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Collection Views and Dynamic Animators

Leveraging the power of dynamic animators in collection views is possible courtesy of a few UIKit extensions. Dynamic animators add liveliness to your presentations during scrolling and when views enter and leave the system. The dynamic behavior set is identical to that used for normal view animation, but the collection view approach requires a bit more overhead and bookkeeping as views may keep appearing and disappearing during scrolls.

The core of the dynamic animator system is the UIDynamicItem protocol. The UICollectionViewLayoutAttributes class, which represents items in the collection view, conforms to this protocol. Each instance provides the required bounds, center, and transform properties you need to work with dynamic animators. So although you don’t work directly with views, you’re still well set to introduce dynamics.

Custom Flow Layouts

The key to using dynamic animation classes with collection views is to build your own custom UICollectionViewFlowLayout subclass. Flow layouts create organized presentations in your application. Their properties and instance methods specify how the flow sets itself up to place items onscreen. In the most basic form, the layout properties provide you with a geometric vocabulary, where you talk about row spacing, indentation, and item-to-item margins. With custom subclasses, you can extend the class to produce eye-catching and nuanced results.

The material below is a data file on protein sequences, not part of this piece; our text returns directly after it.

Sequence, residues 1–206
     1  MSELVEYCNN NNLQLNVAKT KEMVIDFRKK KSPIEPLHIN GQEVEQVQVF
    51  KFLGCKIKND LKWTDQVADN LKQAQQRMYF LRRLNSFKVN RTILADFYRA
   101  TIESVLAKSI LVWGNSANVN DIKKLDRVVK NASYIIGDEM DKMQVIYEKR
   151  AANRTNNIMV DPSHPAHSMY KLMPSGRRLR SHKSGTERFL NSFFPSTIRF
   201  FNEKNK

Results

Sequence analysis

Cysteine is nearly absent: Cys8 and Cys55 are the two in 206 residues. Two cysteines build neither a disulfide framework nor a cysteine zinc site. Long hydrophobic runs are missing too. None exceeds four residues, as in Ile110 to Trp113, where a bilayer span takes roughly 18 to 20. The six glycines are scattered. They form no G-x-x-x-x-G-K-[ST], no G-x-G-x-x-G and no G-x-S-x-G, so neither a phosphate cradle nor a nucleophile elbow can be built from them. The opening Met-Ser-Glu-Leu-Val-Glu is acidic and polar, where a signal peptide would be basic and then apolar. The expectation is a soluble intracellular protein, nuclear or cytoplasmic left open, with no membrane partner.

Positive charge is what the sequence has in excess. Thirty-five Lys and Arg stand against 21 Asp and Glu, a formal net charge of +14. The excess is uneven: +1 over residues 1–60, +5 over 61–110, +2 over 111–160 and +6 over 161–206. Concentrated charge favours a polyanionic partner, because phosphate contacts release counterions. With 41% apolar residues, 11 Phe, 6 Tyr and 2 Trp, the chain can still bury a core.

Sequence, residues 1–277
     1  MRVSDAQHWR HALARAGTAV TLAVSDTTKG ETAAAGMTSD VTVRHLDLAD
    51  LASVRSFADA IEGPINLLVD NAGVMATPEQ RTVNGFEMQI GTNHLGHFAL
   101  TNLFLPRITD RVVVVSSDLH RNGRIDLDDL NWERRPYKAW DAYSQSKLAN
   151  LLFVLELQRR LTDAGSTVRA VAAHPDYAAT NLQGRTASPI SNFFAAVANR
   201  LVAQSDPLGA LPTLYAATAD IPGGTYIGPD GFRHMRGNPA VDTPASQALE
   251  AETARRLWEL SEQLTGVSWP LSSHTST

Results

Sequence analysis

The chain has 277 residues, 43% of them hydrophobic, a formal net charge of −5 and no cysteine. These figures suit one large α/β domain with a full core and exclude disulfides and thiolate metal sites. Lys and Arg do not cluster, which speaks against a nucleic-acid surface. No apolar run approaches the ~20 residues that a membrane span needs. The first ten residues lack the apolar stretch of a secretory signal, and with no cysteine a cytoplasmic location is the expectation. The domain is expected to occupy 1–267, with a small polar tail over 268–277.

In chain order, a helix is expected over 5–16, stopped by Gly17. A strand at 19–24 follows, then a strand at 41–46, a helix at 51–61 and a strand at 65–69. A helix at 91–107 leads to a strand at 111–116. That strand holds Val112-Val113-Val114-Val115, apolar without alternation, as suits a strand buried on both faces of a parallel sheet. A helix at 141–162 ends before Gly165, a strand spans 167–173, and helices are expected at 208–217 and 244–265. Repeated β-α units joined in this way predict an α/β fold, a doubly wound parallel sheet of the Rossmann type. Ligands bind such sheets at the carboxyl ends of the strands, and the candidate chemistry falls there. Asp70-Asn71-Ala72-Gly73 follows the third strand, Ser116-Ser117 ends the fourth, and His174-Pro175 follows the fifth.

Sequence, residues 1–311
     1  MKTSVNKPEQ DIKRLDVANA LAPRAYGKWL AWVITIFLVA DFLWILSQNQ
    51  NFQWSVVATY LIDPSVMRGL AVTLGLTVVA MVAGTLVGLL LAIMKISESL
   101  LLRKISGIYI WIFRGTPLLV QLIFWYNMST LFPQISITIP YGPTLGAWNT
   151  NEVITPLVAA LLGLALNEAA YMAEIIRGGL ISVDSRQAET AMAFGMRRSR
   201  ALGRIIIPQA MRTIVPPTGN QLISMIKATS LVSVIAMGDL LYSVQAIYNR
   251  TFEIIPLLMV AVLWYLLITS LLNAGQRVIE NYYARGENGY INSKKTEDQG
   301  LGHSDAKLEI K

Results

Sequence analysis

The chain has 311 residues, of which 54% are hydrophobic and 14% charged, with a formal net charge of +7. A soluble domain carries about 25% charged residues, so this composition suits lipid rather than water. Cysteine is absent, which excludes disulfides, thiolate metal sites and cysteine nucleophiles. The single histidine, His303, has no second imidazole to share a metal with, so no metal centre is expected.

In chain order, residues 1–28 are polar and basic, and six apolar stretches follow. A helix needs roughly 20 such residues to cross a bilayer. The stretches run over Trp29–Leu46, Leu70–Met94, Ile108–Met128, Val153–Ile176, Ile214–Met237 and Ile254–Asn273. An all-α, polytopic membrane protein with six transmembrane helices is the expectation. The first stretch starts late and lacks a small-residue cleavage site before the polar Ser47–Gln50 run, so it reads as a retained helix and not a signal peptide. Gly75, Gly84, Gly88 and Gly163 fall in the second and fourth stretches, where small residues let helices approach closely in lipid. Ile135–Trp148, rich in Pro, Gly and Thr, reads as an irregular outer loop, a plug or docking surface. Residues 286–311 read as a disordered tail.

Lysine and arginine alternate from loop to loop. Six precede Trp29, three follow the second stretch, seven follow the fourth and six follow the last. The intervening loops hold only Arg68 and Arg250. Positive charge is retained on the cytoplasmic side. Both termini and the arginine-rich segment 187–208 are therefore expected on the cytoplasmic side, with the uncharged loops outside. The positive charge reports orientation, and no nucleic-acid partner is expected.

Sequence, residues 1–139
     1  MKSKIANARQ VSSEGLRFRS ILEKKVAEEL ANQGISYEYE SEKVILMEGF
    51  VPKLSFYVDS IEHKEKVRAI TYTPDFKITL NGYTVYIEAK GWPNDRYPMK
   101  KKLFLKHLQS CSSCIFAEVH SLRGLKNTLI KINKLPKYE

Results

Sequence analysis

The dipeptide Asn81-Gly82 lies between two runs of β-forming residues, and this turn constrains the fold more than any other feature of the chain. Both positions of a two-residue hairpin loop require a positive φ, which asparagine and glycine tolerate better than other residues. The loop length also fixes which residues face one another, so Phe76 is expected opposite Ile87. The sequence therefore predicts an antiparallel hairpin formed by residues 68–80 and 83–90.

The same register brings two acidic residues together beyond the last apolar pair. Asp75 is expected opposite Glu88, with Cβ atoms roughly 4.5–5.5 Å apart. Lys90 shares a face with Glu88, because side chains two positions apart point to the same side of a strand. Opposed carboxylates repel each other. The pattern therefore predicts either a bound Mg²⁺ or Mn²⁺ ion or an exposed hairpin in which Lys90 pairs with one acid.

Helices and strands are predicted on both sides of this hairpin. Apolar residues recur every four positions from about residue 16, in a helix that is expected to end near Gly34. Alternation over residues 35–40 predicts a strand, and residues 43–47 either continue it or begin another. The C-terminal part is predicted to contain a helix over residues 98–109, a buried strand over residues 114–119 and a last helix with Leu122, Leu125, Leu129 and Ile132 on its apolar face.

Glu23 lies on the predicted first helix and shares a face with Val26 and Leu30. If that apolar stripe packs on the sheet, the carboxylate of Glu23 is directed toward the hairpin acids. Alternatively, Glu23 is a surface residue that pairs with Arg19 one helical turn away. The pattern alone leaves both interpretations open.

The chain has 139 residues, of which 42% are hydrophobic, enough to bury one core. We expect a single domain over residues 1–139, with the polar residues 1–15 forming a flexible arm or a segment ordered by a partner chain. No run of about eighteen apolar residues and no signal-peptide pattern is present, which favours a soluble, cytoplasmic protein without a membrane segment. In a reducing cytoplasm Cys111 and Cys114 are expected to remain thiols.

To support dynamic animation, your custom class must coordinate with an animator instance. You typically set it up in your flow layout initializer by using the UIDynamicAnimator collection view-specific initializer. This prepares the animator for use with your collection view and enables it to take control of reporting item attributes on your behalf. As you’ll see, the dynamic animator takes charge of many methods you normally would have to implement by hand.

The following init method allocates an animator and adds a custom “spinner” behavior. The UIDynamicItemBehavior class enables you to add angular velocity to views, creating a spinning effect, which you see in action in Figure 6-3:

- (instancetype) initWithItemSize: (CGSize) size
{
    if (!(self = [super init])) return self;
    _animator = [[UIDynamicAnimator alloc]
        initWithCollectionViewLayout:self];
    _spinner = [[UIDynamicItemBehavior alloc] init];
    _spinner.allowsRotation = YES;
    [_animator addBehavior:_spinner];
    self.scrollDirection = UICollectionViewScrollDirectionHorizontal;
    self.itemSize = size;
    return self;
}
Figure 6-3

Figure 6-3 Allowing dynamic items to rotate enables you to add angular velocities, causing views to tilt and spin.

Returning Layout Attributes

As mentioned earlier, a dynamic animator can take charge of reporting layout attributes. The following methods do all the work, redirecting the normal geometry through the animator:

- (NSArray *)layoutAttributesForElementsInRect:(CGRect)rect
{
    return [_animator itemsInRect:rect];
}

- (UICollectionViewLayoutAttributes *)layoutAttributesForItemAtIndexPath:
    (NSIndexPath *)indexPath
{
    UICollectionViewLayoutAttributes *dynamicLayoutAttributes =